Thus, the parabolic teachings of Jesus served not to explain, but to provoke misunderstanding—that they might “listen, but not understand” (4:12, cf. Isaiah 6:9)—while, at the same time, Jesus secretly “explained everything in private to his disciples” (4:33). Do you remember Jesus, but not these divine events? You must simply have not been privy to his secret teachings.
This (in)famous thesis suffers from at least two distinct problems. First, while Jesus repeatedly demands silence, his commands are generally disregarded. Following Jesus’s command that a healed leper remain silent, we are told that he immediately “went out and began to proclaim it freely, and to spread the word” (1:45). Likewise, when Jesus orders a recently healed deaf man to remain silent, the man does precisely the opposite: “Jesus ordered them to tell no one; but the more he ordered them, the more zealously they proclaimed it” (7:36). Were Wrede’s thesis correct, than the incessant proclamations that Jesus “has done everything well; he even makes the deaf to hear and the mute to speak” (7:37) certainly would not serve Mark’s apparent purpose.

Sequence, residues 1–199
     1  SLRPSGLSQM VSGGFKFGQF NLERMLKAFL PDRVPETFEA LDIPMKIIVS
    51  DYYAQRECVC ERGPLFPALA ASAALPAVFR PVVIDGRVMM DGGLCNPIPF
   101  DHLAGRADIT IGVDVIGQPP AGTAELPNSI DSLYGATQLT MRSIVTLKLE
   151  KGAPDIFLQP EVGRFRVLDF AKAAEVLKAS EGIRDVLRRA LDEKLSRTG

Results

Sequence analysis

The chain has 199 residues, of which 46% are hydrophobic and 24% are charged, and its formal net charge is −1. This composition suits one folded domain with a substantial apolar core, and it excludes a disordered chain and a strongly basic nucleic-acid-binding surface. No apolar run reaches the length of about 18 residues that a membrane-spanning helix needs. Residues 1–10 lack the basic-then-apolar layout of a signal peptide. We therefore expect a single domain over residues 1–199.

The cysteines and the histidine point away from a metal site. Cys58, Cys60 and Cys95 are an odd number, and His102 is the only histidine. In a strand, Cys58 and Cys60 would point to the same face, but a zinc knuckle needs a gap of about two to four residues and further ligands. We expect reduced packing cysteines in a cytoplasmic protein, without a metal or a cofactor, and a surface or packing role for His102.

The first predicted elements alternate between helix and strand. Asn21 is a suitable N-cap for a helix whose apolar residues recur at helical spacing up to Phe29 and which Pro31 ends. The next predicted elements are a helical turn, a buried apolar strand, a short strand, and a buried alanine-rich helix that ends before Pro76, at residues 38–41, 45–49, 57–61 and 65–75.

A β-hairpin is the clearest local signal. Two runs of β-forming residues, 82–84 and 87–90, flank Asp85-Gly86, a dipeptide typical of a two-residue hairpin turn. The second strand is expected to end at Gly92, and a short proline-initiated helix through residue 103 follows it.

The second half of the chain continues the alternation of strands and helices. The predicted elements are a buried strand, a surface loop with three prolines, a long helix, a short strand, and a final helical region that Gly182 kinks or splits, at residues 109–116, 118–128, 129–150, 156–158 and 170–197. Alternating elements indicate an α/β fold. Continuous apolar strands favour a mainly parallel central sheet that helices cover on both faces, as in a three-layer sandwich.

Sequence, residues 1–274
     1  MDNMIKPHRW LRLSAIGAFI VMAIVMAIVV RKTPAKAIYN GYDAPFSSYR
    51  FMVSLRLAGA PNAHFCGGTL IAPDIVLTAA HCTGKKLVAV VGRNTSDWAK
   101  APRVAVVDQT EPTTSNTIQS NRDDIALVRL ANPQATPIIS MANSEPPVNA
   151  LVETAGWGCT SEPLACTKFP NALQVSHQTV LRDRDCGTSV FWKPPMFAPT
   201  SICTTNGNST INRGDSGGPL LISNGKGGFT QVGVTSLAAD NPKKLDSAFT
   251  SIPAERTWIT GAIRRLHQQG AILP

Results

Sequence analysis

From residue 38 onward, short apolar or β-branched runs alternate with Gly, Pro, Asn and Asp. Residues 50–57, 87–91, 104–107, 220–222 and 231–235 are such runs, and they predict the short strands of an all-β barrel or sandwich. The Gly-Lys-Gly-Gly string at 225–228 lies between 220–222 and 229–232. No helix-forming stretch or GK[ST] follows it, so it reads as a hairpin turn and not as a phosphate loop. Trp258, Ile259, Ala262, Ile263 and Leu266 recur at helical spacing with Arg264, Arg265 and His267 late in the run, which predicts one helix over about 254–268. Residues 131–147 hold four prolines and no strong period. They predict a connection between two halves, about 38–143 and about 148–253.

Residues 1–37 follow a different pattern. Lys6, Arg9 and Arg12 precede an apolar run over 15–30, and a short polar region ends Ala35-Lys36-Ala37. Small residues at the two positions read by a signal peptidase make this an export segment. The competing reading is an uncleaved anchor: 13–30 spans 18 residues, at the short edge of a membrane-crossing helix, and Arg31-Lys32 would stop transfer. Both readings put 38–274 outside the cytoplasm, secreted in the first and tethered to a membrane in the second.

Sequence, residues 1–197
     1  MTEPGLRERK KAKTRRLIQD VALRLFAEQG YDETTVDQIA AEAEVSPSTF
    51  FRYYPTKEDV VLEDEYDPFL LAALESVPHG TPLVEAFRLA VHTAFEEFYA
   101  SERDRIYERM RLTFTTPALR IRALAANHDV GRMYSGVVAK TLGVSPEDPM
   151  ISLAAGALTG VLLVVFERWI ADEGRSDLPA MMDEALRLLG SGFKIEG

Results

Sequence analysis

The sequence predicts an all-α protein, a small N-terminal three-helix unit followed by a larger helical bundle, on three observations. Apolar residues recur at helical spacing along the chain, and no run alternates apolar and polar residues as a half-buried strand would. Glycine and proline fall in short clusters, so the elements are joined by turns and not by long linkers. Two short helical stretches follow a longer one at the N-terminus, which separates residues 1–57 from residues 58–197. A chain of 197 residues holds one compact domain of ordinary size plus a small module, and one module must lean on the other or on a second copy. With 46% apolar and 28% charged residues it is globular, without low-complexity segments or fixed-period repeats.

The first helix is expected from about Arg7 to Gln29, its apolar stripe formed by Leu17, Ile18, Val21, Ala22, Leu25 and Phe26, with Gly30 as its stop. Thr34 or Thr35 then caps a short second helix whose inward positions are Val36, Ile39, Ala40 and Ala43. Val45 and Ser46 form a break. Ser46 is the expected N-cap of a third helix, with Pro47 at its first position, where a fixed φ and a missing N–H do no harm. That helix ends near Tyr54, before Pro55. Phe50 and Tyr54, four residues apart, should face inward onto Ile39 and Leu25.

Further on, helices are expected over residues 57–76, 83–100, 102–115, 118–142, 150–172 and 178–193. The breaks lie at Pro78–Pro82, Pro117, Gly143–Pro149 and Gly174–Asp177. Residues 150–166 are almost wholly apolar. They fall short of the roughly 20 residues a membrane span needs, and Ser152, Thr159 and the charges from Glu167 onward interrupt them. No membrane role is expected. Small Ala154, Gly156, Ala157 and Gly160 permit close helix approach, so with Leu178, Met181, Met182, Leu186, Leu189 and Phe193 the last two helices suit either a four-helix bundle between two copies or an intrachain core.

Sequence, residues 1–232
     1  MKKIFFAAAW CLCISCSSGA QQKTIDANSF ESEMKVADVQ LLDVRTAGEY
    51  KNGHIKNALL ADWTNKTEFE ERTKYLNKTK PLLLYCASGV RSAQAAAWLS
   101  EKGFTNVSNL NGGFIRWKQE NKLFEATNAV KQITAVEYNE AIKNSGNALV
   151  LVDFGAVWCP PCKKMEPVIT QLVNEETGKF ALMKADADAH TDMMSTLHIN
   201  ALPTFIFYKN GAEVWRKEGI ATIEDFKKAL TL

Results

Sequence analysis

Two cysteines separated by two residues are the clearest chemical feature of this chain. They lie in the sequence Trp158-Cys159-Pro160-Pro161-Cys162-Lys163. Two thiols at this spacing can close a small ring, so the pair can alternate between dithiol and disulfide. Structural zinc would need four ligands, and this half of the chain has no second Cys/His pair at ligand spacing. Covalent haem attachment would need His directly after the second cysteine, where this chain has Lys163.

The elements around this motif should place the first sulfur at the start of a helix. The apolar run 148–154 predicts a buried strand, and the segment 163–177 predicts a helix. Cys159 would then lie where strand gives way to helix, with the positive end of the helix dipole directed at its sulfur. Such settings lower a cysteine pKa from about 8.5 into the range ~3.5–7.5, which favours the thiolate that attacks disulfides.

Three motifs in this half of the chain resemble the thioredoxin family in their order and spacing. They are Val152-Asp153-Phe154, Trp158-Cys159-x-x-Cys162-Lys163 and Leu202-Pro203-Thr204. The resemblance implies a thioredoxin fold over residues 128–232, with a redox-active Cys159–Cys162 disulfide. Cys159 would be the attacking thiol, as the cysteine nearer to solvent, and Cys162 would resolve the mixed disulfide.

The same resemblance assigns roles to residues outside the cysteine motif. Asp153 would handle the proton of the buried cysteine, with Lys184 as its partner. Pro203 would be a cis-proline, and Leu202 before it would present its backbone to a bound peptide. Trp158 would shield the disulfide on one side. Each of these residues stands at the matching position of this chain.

Second, whereas Mark affirms that the disciples are granted special access to Jesus’s message, they nevertheless simply fail to understand these revelations. In the midst of his miraculous ministry they nevertheless continue to ask “who then is this, that even the wind and the sea obey him?” (4:41). Even when Peter rightly recognizes Jesus’ messianic mission—“You are the Messiah” (8:29)—he fails to understand the full significance of this affirmation—prompting Jesus’s subsequent rebuke: “get behind me Satan! For you are setting your mind not on divine things but on human things” (8:33). Were Wrede’s thesis correct, then this persistent misunderstanding of the disciples would be inexplicable.
Following Wrede, countless alternative interpretations of the messianic secret have been drawn forward, but in each case they remain contradictory at worst, and speculative at best. What is to be done, then, with the messianic secret? Is there no lesson that can be garnered from this motif?